Common name: Rosemary, Rosmarinus officinalis
Though Rosemary plants are native to the Mediterranean regions, they are now grown as garden herbs, and are used in cooking all over the world. The plants can grow to a height of 1-1.2 meters with a brown or white, woody stem and bluish-green needle-like leaves.
They are characterized by long, well-branched, bushy stems and small two-lipped flowers that could be purple, blue, pink, or white. The leaves have a strong, heady aroma and are used raw or dried in a variety of dishes like breads, pizza, pasta, biscuits, roast chicken, pork, turkey, salads, baked potatoes, mushrooms, and eggplant.
Rosemary tea is a refreshing drink that can be used as a substitute for regular tea. Leaves are slightly bitter and astringent, with a woody, mustard-like aftertaste.
Though they grow reasonably well in India, they are not proliferous germinators. Stem cuttings take time to root and grow, but Rosemary plants can live over 20 years under ideal circumstances. They usually flower in spring and summer but are capable of blooming almost throughout the year in warm climate.
These plants prefer good, direct, sunlight and well-drained soil. They are extremely drought-tolerant and can live without water for many days. Overwatering can lead to yellowing of leaves and subsequent root rot.
Rosemary plants are grown as ornamental plants, and also as hedge or border plants where they are pruned severely into desired shapes. Their low water requirement makes them ideal plants for xeriscaping or low-water agriculture.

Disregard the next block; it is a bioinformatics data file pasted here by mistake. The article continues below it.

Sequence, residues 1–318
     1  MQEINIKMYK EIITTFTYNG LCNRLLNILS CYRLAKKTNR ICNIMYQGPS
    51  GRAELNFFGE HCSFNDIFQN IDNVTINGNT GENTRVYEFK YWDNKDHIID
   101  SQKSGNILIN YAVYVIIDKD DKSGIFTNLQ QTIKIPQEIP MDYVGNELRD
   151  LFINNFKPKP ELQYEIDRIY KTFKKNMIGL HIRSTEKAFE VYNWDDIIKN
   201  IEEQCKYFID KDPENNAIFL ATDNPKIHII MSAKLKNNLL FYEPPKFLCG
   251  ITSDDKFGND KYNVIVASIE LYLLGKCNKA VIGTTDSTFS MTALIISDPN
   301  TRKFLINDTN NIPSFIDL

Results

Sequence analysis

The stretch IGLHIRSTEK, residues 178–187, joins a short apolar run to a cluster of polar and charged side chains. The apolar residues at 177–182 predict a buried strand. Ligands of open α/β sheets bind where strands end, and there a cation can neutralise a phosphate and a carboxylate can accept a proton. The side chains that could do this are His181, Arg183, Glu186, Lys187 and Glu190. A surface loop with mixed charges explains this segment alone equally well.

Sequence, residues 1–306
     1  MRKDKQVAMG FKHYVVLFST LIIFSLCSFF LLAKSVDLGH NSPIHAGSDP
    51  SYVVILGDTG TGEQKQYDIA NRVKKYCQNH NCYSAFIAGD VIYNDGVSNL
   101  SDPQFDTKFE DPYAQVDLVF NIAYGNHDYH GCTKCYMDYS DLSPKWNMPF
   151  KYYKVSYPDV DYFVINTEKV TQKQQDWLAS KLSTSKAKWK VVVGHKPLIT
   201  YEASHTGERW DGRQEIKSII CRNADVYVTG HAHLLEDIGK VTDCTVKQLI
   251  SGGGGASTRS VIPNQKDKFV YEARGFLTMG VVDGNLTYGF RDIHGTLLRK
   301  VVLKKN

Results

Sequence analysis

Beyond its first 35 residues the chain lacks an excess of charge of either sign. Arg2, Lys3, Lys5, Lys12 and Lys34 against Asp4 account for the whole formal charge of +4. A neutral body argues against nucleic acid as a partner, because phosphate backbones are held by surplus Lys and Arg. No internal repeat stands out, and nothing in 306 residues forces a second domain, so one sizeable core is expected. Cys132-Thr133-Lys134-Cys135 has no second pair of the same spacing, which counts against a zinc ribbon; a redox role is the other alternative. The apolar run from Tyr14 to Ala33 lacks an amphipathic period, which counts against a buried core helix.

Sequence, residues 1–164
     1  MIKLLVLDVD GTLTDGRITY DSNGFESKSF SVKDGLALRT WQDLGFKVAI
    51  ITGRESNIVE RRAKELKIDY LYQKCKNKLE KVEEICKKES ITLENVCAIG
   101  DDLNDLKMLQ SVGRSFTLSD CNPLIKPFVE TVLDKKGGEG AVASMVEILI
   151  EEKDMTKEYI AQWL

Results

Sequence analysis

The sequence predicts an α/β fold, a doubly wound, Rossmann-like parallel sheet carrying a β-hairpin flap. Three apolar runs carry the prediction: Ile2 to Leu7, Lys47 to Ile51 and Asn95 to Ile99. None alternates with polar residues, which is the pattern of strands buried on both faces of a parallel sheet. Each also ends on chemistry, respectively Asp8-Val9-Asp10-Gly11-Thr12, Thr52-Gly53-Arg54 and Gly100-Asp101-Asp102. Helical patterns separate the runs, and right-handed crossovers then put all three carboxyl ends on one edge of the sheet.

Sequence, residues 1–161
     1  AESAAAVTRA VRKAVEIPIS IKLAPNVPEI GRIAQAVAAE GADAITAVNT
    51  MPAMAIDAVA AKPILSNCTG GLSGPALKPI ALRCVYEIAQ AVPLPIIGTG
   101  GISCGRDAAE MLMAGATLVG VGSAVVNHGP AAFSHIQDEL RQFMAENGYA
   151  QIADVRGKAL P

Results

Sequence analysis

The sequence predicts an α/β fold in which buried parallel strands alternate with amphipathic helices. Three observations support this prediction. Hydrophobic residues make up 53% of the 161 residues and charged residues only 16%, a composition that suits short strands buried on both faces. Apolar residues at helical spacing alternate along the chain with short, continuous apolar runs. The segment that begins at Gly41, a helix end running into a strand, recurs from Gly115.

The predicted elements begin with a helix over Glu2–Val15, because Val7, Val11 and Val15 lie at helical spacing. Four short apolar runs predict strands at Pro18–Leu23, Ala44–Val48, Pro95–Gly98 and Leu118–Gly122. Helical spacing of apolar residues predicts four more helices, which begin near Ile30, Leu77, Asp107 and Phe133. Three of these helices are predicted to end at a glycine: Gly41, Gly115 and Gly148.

Common cultivars are Albus with white-colored flowers, Aureus with speckled yellow leaves, Blue boy with small leaves, Golden rain which has green and yellow streaked leaves, Majorica pink with pink flowers, Irene which has long trailing branches and dark blue flowers, Subbury blue with beautiful blue flowers, Blue rain with pink flowers and many more. Few of these cultivars are very popular with gardeners and have won Horticultural awards.
Rosemary plants have many medicinal uses and help in improving digestion, memory, concentration, circulation, aging, and cancer. They are also said to be effective for headache, toothache, hypertension, arthritis, kidney ailments, cough, eczema, and a variety of other common illnesses.
Excessive consumption can cause side effects like vomiting, nausea, and spasms. Essential oils derived from rosemary are used in perfumes, shampoos, and other cosmetics.
Propagation is through stem cuttings. Seed propagation is also possible, but with very low germination rates.